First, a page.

Interested in working with aspects that are present both in the digital and the physical domains such as multiplicity and modularity, his works frequently explore the ideas of repetition, interaction, chance and change. To look into the new dimensions that the digital world can create in the physical space he primarily works with technology, light, music and space. He uses these elements not only as tools but also likes to draw from the broader cultural context that connects them to popular culture and entertainment, which originates in his own involvement with the electronic music scene and background in engineering.
The artworks he creates often introduce surprising and playful overlaps between the physical and the digital into the public space, where they are confronted with large audiences. His works are not meant to be shown in the traditional space of the white cube, but rather in crowded streets, outdoor festivals or open landscapes where they become a subject to various influences, where they can not only be looked at but also touched and played with. The element of participation is in fact often inherent to the design of Vorwerk’s installations, which are completed with the engagement of the public. Their organic character allows them to continuously change and always be influenced by the context in which they are placed.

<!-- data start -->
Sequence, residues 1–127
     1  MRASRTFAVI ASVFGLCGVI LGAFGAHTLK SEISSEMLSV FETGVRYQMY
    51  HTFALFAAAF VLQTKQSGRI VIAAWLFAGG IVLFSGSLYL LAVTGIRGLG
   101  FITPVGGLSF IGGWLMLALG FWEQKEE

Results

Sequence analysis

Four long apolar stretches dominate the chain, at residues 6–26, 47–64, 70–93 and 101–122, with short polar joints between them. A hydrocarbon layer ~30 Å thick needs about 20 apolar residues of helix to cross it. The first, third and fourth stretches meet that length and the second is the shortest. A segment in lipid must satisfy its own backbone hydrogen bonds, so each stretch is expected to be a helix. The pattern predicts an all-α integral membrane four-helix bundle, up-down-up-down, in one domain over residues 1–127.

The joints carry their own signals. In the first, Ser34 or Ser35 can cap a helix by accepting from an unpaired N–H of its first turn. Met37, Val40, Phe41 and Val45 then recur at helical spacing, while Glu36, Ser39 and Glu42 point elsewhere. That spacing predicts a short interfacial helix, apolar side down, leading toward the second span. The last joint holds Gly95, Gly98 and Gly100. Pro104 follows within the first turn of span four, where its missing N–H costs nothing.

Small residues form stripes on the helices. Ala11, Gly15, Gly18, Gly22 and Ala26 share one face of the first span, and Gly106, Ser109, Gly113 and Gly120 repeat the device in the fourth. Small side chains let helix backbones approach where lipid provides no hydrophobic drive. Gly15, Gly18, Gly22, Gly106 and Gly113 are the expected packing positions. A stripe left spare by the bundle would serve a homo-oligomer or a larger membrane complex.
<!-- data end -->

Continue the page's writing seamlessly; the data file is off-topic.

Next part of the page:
Lightholders is a 3 meters high by 15 meters diameter silo containing several audio loops playing in random order and directly sync with light so to make the Sound motion visible to the public.
Using a circular 6 speakers setup, the sound is moving around the public, creating a unique spatial hearing.
The concept of using sound loops and making them visible is inspired by the sound experiments done by Philips in the 60’s and by artists like Dick Raaijmakers. Sound samples are composed by the Dutch duo Walvisnest.